Harry’s role, and the mode by which Sharon tries to reach him, emotionally, is a development upon the more gruff and bombastic approach of heroes, even sympathetic heroes, in Haspiel’s work. Here we see a boxer who has set aside his gloves, a soul adrift, and one who’s kind and receptive enough to forgive Sharon for her manipulations, and still give her the gift of empathy. In this new post-death role, Kane has changed, too. He’s now someone who can visit his old boxing coach (played by Tarik R. Davis) at the appointed hour of his death and handle that with greater grace and understanding than he could have during his mortal days.

The play is obviously built upon plenty of mythological allusions and traditions, though shot through with a New York flavor that you can’t fail to recognize. One of the more interesting through-lines concerns an obsessive cook (played by Ian W. Hill) who, auteur-like brings his creations to the world at the cost of the lives of others. Descending into grotesquery to cheat death, he believes that the fresh human hearts of others can shield him from the arrival of an Angel meant to take him away. Once Harry final does confront him, this heart-stealing becomes the key to Harry’s choice to “die again” and leave behind this role which many covet.

I mention the mythology since it’s an aspect that would’ve been rewarding to develop further in the context of the narrative. Within a performance limited to 90 minutes, and conveying a great deal of information in that time, the play had to pass over those elements fairly quickly. And yet, the idea of hearts as identity, as something that can determine our fate after death, has interesting implications, possible drawing on Egyptian and Central American storytelling and rites pertaining to the afterlife.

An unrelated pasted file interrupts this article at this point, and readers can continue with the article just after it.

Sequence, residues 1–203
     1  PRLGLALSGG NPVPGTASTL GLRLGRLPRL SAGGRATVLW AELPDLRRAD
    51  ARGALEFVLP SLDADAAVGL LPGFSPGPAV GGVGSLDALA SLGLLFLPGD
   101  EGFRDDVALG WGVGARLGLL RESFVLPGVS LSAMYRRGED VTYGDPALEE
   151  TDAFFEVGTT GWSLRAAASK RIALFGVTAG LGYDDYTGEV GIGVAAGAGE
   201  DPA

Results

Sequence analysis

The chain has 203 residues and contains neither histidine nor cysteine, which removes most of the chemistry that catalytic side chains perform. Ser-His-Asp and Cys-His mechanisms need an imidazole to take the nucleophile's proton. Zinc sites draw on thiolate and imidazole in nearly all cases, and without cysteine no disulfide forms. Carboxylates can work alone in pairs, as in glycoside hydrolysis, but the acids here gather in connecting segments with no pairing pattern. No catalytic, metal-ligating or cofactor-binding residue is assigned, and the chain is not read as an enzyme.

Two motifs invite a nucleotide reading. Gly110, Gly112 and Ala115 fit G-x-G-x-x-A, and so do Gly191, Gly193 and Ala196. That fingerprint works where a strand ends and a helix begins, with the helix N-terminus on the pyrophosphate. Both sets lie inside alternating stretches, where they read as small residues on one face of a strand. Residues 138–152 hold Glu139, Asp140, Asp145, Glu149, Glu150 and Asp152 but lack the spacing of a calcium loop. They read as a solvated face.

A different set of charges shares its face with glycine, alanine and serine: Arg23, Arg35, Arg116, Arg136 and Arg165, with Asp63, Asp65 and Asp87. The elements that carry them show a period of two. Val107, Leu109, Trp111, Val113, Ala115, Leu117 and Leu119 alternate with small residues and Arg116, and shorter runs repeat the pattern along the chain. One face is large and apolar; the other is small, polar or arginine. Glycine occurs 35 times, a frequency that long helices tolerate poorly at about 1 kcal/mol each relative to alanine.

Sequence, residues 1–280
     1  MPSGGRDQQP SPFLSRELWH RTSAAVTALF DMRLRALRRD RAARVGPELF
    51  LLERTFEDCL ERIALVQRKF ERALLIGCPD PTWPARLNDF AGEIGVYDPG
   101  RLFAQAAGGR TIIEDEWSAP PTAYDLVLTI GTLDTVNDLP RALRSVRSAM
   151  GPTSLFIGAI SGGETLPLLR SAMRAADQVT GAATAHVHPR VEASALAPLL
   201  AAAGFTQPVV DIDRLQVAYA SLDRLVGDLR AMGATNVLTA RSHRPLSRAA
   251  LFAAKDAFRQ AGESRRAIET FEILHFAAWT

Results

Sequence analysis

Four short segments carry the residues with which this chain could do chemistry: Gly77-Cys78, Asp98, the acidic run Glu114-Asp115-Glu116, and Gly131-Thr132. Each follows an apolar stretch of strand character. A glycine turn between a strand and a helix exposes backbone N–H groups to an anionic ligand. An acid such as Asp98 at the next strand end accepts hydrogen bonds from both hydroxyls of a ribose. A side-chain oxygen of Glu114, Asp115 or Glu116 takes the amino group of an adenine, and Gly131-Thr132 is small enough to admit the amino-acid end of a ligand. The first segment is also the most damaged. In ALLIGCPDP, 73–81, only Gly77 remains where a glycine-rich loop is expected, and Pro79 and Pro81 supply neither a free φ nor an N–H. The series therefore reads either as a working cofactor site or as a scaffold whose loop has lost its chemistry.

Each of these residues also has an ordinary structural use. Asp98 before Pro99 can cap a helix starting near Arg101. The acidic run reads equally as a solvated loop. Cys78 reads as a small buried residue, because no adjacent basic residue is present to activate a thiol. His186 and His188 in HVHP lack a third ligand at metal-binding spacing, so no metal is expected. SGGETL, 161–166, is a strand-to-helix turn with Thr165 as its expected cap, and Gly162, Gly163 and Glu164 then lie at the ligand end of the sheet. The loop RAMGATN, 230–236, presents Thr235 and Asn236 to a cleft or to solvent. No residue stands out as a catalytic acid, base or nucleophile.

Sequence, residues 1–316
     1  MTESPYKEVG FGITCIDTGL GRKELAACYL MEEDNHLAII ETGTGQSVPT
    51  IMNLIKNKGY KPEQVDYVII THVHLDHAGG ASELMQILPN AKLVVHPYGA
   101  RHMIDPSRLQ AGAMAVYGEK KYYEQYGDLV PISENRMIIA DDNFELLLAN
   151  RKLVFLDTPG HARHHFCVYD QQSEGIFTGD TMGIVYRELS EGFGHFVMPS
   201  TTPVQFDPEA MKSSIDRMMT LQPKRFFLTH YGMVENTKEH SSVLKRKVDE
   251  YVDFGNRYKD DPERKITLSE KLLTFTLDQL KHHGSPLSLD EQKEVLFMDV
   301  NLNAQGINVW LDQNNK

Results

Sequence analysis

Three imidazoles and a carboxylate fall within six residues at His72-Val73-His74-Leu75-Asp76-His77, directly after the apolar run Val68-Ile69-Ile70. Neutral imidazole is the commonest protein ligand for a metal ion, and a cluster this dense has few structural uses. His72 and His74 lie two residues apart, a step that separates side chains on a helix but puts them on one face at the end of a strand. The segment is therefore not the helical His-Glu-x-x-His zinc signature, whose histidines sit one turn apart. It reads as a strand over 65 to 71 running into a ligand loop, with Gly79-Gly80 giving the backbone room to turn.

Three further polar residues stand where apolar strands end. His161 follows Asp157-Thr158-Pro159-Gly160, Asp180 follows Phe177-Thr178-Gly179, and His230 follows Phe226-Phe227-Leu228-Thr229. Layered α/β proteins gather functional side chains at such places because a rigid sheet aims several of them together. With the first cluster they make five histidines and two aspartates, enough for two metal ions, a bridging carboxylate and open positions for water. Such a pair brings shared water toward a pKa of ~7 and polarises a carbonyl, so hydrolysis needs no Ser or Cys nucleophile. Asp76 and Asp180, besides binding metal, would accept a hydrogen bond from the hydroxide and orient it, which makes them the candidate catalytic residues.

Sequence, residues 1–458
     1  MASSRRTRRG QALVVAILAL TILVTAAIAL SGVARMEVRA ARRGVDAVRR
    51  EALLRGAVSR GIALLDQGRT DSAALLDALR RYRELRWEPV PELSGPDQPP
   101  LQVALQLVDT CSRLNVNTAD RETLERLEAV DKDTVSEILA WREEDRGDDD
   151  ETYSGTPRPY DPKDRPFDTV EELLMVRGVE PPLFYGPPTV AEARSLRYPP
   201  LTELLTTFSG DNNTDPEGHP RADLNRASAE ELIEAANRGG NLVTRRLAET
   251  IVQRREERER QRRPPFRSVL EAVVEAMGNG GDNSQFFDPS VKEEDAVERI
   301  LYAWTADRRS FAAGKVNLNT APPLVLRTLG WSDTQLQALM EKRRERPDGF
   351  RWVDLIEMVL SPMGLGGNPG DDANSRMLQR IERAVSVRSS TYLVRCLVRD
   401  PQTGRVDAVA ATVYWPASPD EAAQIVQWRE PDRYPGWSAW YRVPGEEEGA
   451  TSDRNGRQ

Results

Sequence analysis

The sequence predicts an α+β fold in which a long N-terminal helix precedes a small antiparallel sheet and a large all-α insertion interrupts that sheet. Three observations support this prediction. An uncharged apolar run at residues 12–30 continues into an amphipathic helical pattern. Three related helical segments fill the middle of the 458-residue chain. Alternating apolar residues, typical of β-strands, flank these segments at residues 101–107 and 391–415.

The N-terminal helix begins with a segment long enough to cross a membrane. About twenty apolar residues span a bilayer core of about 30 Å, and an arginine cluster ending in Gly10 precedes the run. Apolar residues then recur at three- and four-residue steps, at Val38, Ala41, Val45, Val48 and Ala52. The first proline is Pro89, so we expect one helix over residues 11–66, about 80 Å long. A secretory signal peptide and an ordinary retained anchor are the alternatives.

The interpretation and performance of Harakiri Kane was highly committed to the exploration of emotional states, to bringing to life the incisive personas that people Haspiel’s own myth-scape, and to planting a few new ideas in the minds of the audience for them to ponder.

Haspiel has mentioned elsewhere that he’s hoping to develop this story of life, death, and connection, as a comic someday, and here’s hoping we see that. Though the performance of the play itself was an achievement, it would be very interesting to see how Haspiel’s art style might interact with a world familiar in many ways from his previous works, but also both darker and more hopeful than territory he’s yet explored in comics.